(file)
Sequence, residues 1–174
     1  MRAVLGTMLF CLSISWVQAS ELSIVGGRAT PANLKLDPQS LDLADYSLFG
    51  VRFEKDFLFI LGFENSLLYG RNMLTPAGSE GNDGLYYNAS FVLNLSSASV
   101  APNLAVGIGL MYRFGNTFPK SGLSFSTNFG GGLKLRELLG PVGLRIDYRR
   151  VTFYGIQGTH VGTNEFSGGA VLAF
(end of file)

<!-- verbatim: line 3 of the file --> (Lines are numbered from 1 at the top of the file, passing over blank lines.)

    51  VRFEKDFLFI LGFENSLLYG RNMLTPAGSE GNDGLYYNAS FVLNLSSASV